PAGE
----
I do IT support.
Client: My PowerPoint presentation has disappeared! I have a meeting at 15:00 and I need to get my presentation back! (It was 14:50 when she called).
Me: When did you last have the PowerPoint?
Client: It was about three months ago. It was always on my desktop!
Me: It seems that your PC was recently upgraded from Windows XP to Windows 7. Staff in your office were informed several weeks before the upgrade that any data stored on PCs needed to be backed up to corporate network drives so it wouldn’t get lost.
Client: I never received any emails about this! You have lost my PowerPoint presentation! Now I have to go to the meeting without my data!
Me: I’m sorry that you feel this way, but your office has been advised several weeks before the upgrade to ensure that no data is lost. We kept the original hard drives of upgraded PCs for several weeks after the upgrade, but as this is now about 3 months ago, the drives have been salvaged. I will check to see if we still have your old hard drive, but chances are slight.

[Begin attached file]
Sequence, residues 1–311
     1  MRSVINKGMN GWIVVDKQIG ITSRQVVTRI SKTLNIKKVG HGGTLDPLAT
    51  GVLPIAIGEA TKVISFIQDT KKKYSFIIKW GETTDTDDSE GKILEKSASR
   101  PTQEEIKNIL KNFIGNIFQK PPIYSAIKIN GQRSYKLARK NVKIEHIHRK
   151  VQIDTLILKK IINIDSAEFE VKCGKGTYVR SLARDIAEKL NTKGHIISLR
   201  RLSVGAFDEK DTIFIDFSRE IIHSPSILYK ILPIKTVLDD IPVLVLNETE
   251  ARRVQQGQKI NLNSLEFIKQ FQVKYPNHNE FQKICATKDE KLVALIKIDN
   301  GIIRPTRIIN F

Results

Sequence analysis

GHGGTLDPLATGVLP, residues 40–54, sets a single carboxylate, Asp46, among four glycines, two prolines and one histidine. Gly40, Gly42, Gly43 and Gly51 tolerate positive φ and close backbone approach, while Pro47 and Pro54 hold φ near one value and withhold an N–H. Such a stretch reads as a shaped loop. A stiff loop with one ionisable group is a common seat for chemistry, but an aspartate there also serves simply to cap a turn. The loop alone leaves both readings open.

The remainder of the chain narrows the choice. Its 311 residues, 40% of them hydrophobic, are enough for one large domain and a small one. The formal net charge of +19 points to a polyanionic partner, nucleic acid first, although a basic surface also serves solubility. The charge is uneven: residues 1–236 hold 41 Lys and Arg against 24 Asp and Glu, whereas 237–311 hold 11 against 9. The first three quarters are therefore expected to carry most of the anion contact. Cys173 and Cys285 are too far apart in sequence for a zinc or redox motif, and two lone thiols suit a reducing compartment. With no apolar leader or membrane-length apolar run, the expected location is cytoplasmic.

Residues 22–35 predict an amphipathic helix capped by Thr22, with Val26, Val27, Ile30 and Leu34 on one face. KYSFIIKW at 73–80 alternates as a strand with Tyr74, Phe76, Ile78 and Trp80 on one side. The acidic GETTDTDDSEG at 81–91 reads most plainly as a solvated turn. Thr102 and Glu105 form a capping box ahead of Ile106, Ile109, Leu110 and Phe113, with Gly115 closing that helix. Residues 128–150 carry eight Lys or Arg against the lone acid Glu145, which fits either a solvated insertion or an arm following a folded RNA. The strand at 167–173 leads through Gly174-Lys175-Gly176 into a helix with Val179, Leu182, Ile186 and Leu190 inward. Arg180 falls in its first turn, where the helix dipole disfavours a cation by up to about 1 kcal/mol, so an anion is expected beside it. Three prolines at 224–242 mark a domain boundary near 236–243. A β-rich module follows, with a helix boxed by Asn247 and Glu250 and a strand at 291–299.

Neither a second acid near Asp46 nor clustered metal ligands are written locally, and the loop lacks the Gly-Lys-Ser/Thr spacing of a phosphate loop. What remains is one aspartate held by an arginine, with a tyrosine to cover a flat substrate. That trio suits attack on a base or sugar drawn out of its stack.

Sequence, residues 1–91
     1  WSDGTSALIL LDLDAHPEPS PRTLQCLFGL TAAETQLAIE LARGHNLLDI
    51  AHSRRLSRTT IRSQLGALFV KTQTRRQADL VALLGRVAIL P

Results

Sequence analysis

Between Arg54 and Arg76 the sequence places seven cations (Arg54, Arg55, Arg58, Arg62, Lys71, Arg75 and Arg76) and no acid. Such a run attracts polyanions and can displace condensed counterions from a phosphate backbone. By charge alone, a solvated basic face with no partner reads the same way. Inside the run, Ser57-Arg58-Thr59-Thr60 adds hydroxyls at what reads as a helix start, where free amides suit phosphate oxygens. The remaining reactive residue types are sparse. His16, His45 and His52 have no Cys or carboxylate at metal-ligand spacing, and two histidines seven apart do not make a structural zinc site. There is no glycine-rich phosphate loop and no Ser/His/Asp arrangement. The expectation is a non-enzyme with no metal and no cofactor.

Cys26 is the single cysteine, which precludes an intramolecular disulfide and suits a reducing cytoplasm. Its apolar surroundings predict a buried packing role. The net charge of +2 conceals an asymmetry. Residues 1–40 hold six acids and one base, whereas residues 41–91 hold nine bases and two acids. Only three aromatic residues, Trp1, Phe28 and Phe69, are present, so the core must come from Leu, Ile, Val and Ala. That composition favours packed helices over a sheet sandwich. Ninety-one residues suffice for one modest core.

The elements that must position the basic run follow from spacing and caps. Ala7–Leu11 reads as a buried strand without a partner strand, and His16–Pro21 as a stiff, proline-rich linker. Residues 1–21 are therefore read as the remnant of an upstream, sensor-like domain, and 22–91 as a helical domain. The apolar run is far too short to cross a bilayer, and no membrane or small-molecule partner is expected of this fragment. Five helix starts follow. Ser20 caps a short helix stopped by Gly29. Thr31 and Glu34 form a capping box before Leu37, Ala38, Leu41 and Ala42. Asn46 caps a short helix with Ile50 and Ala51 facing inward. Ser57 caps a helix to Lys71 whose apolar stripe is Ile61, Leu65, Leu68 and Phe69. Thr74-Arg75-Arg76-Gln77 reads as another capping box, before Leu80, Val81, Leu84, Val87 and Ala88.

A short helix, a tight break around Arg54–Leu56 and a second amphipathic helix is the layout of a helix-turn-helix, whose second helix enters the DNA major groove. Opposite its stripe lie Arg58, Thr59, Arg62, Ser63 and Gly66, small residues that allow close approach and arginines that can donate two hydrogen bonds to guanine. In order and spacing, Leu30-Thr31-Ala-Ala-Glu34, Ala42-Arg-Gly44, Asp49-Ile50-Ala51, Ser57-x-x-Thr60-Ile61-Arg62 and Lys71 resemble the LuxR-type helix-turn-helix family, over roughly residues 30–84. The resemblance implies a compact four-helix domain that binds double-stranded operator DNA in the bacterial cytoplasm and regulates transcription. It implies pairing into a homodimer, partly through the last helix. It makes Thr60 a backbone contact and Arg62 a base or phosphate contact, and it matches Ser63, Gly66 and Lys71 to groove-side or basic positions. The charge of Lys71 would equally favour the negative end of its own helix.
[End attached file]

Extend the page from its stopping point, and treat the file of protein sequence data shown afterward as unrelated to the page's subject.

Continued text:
Client: (screaming) I cannot believe you lost my data!
She kept yelling a bit longer and then hung up on me.
Afterwards, I checked with a colleague, who suggested that there could be a backup folder on the staff member’s desktop. I remotely checked her hard drive and guess what – there was a folder called “BACKUP old PC” on her desktop, and in it was the PowerPoint presentation she claimed we had lost.
I immediately called her back and left a voice message to tell her that the PowerPoint was on her desktop. I then copied it into an email which I sent to her, advising her of the same.
I never heard from her again. I later learned that she had called several of my colleagues in the past when she was in similar situations where she was late with projects, ill-prepared, and she always blamed IT for her failures. She had a habit of yelling at us and then hanging up.
We were all happy when we heard that she left the company.